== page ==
I've given some of my experiences in various posts and have spent time attempting to retrieve more of my memories, through meditation primarily, to no avail. In fact, in one them, I got an "access denied" message. But more recently, when an online friend asked me to tell him what I did remember, especially about the greys, as I was writing, and sending him the closest photos I could, but saying they had to be blended a bit, more memories came, a deepening of the experience. I also went through days of feeling real anger stirring, the kind associated with trauma like when I had ended an abusive relationship that had only been endured for the children. I also felt monitored closely off and on, and a kind of damage control element to it.

The thing that changed this, and led me to put it into perspective more, into a bigger goal was when I was doing the dishes. I wasn't thinking of anything when suddenly a nordic woman's image came into my mind. She had shoulder length light blond hair, very classic features, a slightly wide fullish mouth, very pretty. She was wearing as if it was a second skin, a medium dark blue uniform. I felt like I was wearing it briefly and it was very comfortable, more comfortable than my clothes. Her responses I remember, mine are more paraphrased because I wasn't feeling good at the time:

She asked me what the prime directive was. I was shocked and stumbled with, "to love everyone and save people". She smiled as if talking to a child, and then said, "To free the planet!" I said, "does it matter how many people will die in the process?" (this part is unclear, I just blurted something out quickly because it was fading). She said, "I can't reveal any more, or I will be in trouble!"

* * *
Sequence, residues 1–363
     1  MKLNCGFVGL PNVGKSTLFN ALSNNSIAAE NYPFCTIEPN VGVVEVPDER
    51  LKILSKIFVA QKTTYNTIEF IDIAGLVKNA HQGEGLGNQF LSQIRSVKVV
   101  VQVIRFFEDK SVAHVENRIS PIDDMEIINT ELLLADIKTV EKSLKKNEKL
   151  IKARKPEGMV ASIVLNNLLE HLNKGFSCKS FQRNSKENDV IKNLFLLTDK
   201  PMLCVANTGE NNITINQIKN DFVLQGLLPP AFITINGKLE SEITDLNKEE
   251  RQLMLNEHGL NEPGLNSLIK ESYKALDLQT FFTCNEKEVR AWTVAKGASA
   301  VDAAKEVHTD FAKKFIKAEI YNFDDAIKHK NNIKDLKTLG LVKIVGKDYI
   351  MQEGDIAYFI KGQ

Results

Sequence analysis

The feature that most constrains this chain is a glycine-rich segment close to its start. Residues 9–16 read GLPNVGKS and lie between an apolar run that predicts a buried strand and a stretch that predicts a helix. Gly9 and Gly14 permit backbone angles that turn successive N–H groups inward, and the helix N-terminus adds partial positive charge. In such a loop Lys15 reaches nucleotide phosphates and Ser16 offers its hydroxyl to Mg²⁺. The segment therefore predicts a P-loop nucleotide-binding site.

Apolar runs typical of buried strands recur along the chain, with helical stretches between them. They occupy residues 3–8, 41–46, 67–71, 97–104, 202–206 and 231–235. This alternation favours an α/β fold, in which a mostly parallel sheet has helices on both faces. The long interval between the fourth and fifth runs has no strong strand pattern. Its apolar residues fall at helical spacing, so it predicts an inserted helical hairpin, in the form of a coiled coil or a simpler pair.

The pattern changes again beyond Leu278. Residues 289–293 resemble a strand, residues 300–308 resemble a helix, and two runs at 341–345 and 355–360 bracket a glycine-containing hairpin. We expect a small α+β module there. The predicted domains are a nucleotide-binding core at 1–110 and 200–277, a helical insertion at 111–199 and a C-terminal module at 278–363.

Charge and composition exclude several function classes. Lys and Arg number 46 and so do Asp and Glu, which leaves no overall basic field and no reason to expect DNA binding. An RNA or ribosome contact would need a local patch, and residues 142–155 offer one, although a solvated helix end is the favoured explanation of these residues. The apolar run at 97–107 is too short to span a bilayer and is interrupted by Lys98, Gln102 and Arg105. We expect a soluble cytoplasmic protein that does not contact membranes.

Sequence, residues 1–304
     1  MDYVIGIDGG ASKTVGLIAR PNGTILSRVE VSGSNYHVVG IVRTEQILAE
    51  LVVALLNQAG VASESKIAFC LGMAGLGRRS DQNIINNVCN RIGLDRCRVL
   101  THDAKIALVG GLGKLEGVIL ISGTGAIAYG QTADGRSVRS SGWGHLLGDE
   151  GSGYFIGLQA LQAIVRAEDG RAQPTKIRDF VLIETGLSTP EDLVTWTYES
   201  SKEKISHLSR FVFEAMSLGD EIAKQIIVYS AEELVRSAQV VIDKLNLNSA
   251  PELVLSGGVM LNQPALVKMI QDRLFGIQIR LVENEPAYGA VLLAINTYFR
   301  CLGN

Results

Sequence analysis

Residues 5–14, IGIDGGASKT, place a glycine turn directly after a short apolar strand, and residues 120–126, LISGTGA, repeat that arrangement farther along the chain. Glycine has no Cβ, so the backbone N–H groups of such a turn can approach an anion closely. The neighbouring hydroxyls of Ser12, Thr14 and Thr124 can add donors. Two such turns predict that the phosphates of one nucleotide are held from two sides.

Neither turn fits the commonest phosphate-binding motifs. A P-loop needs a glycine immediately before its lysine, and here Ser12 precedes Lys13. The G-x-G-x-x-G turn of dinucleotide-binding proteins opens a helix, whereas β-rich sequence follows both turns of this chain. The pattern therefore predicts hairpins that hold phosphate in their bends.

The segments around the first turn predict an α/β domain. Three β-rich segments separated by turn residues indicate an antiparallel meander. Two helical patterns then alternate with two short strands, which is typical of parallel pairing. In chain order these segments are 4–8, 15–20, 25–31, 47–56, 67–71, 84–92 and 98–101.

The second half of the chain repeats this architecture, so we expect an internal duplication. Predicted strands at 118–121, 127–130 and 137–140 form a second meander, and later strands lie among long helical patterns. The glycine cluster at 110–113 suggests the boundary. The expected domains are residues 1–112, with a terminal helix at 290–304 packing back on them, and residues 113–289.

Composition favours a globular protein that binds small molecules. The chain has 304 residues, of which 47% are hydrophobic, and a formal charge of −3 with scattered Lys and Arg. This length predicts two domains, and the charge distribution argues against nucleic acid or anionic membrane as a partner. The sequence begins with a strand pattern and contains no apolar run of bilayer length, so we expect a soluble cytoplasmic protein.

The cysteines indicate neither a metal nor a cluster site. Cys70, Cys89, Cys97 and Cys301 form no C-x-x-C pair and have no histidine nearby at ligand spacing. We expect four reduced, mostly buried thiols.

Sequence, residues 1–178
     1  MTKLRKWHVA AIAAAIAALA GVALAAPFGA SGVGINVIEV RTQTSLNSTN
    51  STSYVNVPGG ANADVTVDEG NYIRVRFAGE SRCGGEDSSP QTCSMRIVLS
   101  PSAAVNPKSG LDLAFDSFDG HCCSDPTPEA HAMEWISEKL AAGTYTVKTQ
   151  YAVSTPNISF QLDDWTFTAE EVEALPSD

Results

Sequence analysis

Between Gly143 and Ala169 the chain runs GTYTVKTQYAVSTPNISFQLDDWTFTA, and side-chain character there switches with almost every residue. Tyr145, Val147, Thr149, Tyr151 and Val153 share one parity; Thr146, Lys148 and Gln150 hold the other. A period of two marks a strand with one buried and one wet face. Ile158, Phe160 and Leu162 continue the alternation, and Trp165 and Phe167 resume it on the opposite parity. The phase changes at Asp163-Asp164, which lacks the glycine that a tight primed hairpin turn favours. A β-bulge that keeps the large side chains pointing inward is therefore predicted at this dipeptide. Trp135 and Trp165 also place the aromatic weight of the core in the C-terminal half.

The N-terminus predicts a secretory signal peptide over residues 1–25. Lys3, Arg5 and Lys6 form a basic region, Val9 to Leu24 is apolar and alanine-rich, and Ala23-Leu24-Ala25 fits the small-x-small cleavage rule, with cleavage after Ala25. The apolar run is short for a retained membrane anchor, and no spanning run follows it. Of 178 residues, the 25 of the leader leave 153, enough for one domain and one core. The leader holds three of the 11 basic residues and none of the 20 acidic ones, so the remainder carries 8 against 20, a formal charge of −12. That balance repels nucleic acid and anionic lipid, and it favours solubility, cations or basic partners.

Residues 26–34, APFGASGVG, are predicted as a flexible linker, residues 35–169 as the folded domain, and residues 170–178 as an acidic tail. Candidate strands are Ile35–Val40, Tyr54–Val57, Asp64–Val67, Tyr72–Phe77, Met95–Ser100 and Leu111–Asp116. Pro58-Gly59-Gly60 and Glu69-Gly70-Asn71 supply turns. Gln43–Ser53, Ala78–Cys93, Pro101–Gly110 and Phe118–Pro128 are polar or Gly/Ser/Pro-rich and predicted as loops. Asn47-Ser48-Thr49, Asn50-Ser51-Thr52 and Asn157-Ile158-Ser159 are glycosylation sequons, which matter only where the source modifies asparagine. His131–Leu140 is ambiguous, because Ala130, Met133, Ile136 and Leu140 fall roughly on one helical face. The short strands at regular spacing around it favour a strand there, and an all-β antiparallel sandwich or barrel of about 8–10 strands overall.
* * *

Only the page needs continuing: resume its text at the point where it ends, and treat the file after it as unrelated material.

It completely dissipated the anger/rage that had been building in me for days, and for the first time I could put various agendas and programs people have been placed on, some starting with joint projects with our cabal that didn't seem right to me, into a larger persepective, from the et agenda, which is for the most part an inter-species one that is united in its purpose, though plays out in many levels. I suppose there are renegades and some that would take short cuts as well, but this relates to the main course of actions, many on different levels, some compromised by involvement with our renegade cabal/nazis. But still working for the larger agenda.

posted on Feb, 10 2009 @ 11:42 AM
I think SETI is a great idea.

However, you do have to entertain the idea that it is quite possible that species precipitate through the radio/TV/hologram/wave phase of their development very quickly. So there might be a very limited period of time that they are putting out these signals. A couple of hundred years maybe.

Finding that we pick up that signal is WAY worse than finding a specific contact lens somewhere on the planet. One that isn't yours, you don't know where it was dropped, and if it was dropped 20 years ago, today, or sometime in the future.

I still like the idea of trying to find it. However, our search will have to advance eventually with our technology.

[edit on 2009/2/10 by Aeons]